Danger During the Holidays!
It was a few days before Christmas last year, and I was talking to Linda on the phone. "Do you want to come over and help me with my Christmas crafts?" I asked.
"Good heavens, NO!" she shouted. "I'd rather strip naked and run through a rose garden that's been sprayed with lemon juice."
"What time will you be here?" I asked.
"I'd rather to be strapped to the speakers at a bagpipe concert," she said.
"Is that yes or no?" I asked. "I don't understand."
"You're not trying to," she said. "Rather than crafting with you, I'd sit through the presidential debates again! Sober!"
"I'm beginning to get the odd feeling that you might perhaps be reluctant," I said. "Why is that?"
"Because it's dangerous," she said. "People get hurt when you do crafts."
I sighed. "Is Adam complaining about his eyebrows again?"
"Stephen, they fell off!"
"Actually, they peeled off," I said. "And I told him not to stand over the chemicals when we were etching glass. Well, I meant to tell him."
"And about Cynthia?"
"That was an accident," I said. "I had no idea enough paint fumes had accumulated to explode. But she'll be out of the bodycast in a couple of month. Personally, I think she's enjoying the rest despite her threats and her vows to have me killed."
"Yes, there's nothing more restful than having nurses turn you every hour and orderlies feed you through a straw," Linda said.
"So you'll come over?" I asked.
"Not that I'm agreeing, but what exactly are you going to be doing?"
"Just papercraft," I said. "There's nothing dangerous in papercraft. We'll be tearing up paper and mixing the pieces with water and a few chemicals, most of which aren't toxic."
"Well, I guess ... What do you mean most?! she snapped. "No, no, NO! Papercraft is out."
"We could make Christmas candles," I said. "Those make good gifts."
"Didn't you have a wax explosion a couple of months ago?" she asked.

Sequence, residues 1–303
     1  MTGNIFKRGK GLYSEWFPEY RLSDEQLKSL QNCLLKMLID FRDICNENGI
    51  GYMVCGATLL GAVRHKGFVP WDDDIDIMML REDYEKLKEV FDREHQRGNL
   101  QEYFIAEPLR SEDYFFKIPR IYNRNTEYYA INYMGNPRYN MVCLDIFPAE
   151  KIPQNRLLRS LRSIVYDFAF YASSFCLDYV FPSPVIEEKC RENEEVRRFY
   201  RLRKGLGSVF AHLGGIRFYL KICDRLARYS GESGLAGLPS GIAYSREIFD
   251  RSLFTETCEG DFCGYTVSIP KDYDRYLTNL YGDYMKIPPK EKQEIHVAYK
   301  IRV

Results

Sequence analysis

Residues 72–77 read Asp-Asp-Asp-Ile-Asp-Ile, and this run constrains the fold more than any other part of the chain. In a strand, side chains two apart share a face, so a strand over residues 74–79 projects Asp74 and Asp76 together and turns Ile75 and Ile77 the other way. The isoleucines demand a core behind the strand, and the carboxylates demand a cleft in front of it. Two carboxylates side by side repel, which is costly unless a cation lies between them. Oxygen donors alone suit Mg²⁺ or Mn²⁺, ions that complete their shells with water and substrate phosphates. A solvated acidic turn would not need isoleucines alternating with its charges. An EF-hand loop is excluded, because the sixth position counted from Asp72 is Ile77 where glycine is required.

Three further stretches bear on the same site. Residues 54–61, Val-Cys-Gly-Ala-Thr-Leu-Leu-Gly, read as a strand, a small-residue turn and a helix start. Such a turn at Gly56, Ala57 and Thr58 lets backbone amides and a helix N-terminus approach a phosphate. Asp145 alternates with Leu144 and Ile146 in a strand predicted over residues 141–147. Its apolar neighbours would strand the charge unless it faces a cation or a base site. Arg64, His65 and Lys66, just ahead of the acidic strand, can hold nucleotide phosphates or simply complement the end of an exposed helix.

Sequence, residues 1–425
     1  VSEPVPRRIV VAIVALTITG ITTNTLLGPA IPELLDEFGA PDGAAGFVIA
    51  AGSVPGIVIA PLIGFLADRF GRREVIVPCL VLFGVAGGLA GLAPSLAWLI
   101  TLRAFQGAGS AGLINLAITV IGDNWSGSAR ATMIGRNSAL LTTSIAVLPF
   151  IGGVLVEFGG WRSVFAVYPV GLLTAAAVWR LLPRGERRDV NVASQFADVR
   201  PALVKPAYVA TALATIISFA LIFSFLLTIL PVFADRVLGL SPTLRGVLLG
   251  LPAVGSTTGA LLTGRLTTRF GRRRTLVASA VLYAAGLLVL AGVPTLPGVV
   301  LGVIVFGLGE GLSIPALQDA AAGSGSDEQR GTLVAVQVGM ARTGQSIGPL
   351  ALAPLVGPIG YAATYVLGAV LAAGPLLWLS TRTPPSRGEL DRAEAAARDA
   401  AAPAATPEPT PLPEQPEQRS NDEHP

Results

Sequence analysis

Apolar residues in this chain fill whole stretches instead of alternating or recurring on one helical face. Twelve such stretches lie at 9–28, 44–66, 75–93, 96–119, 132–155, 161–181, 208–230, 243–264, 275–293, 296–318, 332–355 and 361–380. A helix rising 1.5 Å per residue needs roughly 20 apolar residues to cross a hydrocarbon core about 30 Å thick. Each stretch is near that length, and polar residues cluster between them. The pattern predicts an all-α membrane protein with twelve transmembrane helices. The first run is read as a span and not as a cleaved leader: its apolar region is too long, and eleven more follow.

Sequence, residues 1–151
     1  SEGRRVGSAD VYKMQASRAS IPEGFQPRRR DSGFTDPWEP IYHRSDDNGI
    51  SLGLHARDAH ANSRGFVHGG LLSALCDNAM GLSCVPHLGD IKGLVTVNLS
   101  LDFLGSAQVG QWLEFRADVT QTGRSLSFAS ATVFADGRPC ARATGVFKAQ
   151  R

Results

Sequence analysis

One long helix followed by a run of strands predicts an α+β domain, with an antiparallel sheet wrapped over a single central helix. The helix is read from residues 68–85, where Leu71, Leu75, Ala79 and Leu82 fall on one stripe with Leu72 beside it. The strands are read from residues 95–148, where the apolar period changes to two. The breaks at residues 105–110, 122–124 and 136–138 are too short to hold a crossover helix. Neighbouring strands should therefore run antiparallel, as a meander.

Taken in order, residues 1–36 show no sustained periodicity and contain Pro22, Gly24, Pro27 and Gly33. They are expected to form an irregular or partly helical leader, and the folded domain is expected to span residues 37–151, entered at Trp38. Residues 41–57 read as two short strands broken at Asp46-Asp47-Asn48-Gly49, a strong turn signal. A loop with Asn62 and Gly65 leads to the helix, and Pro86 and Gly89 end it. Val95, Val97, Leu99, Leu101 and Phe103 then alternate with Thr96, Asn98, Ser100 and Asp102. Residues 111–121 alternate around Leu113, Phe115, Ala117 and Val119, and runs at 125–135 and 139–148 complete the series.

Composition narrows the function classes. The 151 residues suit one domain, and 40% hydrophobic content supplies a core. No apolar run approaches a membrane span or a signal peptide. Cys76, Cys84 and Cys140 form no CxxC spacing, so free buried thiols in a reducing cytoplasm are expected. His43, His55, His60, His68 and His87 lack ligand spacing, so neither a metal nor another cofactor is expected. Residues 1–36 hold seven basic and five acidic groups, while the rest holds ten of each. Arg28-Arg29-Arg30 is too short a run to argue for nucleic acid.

"No one was seriously hurt, and my kitchen has already been repaired," I said. "If I could find my cat, everything would be fine. I tried to follow the smoke trail she left, but the wind was high, and I lost her around Oak Street."
"No candles," she said firmly. "Don't you do wooden projects?"
I used to," I said. "But the police took away my electric saw after that regrettable incident when I was trying to help those nuns repair a pew and I sneezed."
"Oh, yeah, I forgot," she said. "Do you still get hate mail from Sister Mary Margaret?"
"Just hate postcards now," I said. "I think she's getting over her anger. I hope so. It can't be good for her spiritual growth."
"What about painting?" she suggested. "I mean, watercolor painting. Yeah, watercolors are safe. I couldn't get hurt doing watercolors."
"Okay, we'll do that," I said happily. "Come on over."
Later that night as we huddled under a blanket provided by the fire department, she glared at me. "How oh how did the watercolors catch fire?!" she asked.
"Well, the pigments looked a little thick," I said. "So I thought I'd try thinning them with alcohol."
She didn't say anything.
"I think short hair is a good look for you," I said brightly.
Fortunately they were able to pull her off me before she could finish choking me. Because she's a friend, I didn't press charges.
Copyright 2010 by Stephen B. Bagley. Excerpted from Floozy and Other Stories. All rights reserved. No copying without express prior written permission from the author and publisher.
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